I’ve been using muse daily for almost 2 months now but can’t seem to get to a consistent trend in improving my calmness. Whenever I try to focus on my breath, the sensors report that my brain is active. Any advice on a meditation technique or mindset that works for you guys?
4 things :
- respect your body (by sleeping enough for example) but don’t be obsessed by that
- virtue (for example if you don’t do what you are supposed to do, you can’t reach any state of calm)
- at first start your meditation by feeling the points of contact of your breath (nostril is easy to feel) then follow your breathe in the beginning, the middle and the end.
[B][B]Rome wasn’t built in a day.[/B][/B]
Info that helped me when I was starting out:
It is the -sensation- of the breath you are after, not thoughts about the breath, nor trying to focus on breathing in a specific manner. Your attention should rest lightly, gently, and with as much interest as you can summon, on the sensation of the breath. As soon as you notice your attention switching to something else, very gently bring it back to the physical sensation of the breath. Repeat. (And if you are anything like me, you will need to repeat this innumerable times - but it is not cause for despair in any way, as it is that very moment of noticing that is the mindfulness you are trying to cultivate). What Muse does here, is to indicate with the winds when your attention wanders. When meditating without an aid like the Muse, it is your own faculty of discerning where your mind is that is honed. Muse is great to help out, I found it improved my regular meditations, but in the end, you want your own awareness to notice the subtleties, rather than a device.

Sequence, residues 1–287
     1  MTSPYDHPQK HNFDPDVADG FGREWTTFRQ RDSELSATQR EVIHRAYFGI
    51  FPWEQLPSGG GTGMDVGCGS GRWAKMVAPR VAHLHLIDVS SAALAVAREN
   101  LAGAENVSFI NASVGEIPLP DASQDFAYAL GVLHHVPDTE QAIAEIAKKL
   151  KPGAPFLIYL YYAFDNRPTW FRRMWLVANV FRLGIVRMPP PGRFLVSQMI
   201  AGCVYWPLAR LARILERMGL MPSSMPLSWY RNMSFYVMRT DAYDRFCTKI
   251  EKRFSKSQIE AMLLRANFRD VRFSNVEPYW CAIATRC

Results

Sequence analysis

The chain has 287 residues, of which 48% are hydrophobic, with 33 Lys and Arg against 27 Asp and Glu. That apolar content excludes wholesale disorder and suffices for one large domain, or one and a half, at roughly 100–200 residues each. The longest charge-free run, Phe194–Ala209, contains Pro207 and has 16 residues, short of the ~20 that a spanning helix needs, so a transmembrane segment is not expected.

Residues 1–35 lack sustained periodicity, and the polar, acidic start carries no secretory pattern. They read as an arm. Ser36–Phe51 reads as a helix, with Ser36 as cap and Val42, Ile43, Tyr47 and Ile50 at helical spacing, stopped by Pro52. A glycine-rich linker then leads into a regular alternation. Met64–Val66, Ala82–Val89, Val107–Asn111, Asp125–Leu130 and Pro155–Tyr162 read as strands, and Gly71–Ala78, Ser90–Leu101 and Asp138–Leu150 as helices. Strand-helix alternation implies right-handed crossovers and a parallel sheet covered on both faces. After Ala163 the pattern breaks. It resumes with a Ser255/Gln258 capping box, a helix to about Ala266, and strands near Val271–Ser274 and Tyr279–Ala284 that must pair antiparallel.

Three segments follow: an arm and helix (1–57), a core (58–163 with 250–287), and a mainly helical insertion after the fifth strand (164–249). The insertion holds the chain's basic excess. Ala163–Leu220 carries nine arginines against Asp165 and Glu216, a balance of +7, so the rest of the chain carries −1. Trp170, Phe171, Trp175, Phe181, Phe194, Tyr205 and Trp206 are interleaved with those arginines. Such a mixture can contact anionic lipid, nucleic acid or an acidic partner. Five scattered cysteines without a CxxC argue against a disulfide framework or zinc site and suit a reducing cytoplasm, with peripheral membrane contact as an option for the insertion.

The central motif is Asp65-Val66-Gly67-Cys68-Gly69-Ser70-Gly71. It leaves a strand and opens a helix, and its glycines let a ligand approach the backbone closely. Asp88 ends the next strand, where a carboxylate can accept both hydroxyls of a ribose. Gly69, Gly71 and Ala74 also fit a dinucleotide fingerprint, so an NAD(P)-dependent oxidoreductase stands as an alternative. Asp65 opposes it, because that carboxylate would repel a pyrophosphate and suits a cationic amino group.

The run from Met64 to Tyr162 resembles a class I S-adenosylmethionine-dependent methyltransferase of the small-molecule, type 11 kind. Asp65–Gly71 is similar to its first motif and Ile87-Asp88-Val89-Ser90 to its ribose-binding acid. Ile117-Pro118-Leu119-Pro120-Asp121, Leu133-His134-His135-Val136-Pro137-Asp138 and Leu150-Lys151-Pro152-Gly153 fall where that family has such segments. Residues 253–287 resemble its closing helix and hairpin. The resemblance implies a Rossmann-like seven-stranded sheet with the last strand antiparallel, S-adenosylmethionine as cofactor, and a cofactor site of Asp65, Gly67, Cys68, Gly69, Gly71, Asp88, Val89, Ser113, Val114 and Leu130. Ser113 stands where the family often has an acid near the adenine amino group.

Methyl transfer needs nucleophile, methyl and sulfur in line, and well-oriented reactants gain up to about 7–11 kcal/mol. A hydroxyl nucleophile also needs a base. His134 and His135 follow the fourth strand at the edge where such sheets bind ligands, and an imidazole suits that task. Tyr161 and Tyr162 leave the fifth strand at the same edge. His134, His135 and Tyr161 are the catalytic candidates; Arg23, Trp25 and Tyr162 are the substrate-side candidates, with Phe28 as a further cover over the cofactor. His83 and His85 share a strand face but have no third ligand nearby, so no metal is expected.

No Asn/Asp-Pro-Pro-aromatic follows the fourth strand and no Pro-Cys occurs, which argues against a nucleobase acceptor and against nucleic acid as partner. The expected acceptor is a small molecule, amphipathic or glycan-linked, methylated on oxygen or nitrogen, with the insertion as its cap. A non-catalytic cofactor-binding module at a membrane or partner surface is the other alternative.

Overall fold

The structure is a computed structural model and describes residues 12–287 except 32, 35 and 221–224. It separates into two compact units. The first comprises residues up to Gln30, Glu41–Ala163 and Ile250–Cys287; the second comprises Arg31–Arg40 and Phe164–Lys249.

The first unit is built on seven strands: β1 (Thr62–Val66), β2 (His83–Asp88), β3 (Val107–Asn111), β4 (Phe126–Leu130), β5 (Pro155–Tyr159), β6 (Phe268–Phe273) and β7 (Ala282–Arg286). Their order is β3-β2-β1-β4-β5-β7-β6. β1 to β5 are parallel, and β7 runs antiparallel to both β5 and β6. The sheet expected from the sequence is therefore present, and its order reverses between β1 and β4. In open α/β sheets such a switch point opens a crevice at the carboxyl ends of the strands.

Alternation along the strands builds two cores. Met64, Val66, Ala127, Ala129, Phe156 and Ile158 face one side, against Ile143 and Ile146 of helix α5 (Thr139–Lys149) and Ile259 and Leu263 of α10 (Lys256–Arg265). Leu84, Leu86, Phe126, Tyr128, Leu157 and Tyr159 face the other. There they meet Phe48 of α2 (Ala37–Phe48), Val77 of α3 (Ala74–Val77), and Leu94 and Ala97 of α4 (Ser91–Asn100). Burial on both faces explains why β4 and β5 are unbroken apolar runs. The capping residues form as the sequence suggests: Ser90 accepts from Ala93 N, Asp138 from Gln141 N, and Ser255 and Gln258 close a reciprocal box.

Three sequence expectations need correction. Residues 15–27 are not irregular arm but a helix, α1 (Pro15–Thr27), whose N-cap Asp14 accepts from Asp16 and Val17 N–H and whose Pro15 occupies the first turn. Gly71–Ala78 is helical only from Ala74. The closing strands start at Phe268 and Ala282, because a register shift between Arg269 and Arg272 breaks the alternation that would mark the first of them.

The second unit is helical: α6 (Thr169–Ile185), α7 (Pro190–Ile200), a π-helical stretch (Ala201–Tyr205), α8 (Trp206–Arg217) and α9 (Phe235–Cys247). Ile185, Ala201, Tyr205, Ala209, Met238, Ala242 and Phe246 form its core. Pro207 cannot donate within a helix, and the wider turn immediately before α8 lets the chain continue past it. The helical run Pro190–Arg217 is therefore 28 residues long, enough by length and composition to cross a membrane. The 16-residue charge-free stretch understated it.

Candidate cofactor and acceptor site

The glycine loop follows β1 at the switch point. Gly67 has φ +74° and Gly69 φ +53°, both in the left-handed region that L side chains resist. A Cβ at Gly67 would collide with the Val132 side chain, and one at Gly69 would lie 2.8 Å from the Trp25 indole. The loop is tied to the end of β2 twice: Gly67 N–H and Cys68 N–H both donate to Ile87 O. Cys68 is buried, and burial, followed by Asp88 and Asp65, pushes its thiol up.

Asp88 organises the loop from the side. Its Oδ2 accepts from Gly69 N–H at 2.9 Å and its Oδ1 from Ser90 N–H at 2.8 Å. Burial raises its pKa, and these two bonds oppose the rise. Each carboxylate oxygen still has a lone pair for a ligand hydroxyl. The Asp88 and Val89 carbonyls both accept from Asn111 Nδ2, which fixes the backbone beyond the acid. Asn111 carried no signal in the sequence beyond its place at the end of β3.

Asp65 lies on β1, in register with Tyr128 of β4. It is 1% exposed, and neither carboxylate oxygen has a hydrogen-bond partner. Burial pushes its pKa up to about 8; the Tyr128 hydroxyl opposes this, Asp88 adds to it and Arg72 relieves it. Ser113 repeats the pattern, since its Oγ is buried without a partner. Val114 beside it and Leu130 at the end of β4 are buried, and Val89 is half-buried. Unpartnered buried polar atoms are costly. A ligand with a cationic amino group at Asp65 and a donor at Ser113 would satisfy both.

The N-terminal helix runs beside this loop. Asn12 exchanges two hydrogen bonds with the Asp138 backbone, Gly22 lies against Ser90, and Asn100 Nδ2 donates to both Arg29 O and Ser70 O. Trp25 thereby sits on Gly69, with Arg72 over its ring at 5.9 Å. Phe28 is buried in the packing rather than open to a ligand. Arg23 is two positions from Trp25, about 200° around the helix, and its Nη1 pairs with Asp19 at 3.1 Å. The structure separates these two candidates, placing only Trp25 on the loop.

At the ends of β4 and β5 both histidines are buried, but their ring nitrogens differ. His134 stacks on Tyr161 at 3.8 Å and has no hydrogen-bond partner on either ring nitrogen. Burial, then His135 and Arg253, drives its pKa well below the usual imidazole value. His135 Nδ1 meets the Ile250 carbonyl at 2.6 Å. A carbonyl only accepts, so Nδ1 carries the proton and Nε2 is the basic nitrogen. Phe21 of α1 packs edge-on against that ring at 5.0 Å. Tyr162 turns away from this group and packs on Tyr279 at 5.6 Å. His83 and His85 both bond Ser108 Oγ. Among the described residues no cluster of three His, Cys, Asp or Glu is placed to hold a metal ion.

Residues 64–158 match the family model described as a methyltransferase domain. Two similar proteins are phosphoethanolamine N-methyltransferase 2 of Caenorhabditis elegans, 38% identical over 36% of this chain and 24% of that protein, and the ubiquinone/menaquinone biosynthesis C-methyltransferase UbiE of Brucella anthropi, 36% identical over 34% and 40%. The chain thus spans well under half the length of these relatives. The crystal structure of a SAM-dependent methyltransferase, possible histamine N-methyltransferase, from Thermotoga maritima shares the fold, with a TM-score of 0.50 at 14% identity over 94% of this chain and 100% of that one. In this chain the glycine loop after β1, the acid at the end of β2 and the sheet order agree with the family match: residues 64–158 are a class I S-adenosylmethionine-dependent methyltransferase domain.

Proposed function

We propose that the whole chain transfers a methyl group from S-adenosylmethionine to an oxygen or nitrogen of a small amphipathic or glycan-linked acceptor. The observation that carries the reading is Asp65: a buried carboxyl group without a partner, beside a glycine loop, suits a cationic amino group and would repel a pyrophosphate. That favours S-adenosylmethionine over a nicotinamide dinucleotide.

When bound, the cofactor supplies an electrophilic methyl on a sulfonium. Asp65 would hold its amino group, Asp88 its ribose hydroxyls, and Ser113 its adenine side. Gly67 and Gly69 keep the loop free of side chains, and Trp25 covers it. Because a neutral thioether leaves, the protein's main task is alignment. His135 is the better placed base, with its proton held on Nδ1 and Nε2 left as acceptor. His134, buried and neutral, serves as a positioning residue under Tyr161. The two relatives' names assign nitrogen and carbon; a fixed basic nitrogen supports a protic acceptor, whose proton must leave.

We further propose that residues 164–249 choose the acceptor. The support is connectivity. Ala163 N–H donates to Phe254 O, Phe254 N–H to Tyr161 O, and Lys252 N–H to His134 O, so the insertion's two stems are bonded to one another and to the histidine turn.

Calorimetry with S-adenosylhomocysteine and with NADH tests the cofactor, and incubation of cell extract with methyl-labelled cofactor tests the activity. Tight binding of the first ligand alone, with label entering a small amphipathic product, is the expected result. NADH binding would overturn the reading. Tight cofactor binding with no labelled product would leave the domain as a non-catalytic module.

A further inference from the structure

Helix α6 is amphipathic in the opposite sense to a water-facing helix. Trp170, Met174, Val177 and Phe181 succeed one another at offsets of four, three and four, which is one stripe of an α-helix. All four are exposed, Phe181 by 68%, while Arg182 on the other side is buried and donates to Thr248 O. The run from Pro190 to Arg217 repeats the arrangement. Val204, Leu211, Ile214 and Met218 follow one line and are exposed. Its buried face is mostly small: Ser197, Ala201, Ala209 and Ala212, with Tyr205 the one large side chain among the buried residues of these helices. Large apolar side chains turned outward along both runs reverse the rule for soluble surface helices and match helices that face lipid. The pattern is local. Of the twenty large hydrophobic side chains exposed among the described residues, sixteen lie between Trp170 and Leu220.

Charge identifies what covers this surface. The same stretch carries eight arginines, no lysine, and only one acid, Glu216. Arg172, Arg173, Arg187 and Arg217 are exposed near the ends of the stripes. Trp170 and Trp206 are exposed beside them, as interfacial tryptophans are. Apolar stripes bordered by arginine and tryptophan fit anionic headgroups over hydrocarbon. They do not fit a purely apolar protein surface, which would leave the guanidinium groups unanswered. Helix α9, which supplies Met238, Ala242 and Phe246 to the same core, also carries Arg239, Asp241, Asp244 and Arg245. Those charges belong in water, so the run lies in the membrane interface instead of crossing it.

The nostril is a great place to focus on the breath. If that works, by all means stick with it - tried and tested method. However, if you find yourself easily stressed, or want a more obvious physical sensation it can be more useful to place your attention on the rising and falling motion of the belly. If this motion is difficult to feel naturally, you can start your training by placing your hands there, and follow along with the rising and falling motion. Once you are aware of how it feels, you will be able to remove the hands.
A technical point:
- The nature of the calibration is important for meditating with Muse. If the calibration is very calm and you do not put some serious mental effort into the brainstorming exercise, there may be too little contrast between the calibration and the session itself, making it more difficult to get a decent calm score.
If you do breath counting, try to let the mental note of the number be in the same location of your awareness as your attention is, that is if your attention is at the nose, let the number arise in the same space as the attention faculty and the nose, rather than in another part of the brain or body. This is abstract and may not be easily understood at first, but hopefully after you have some more experience it will become clear to you what is meant by that.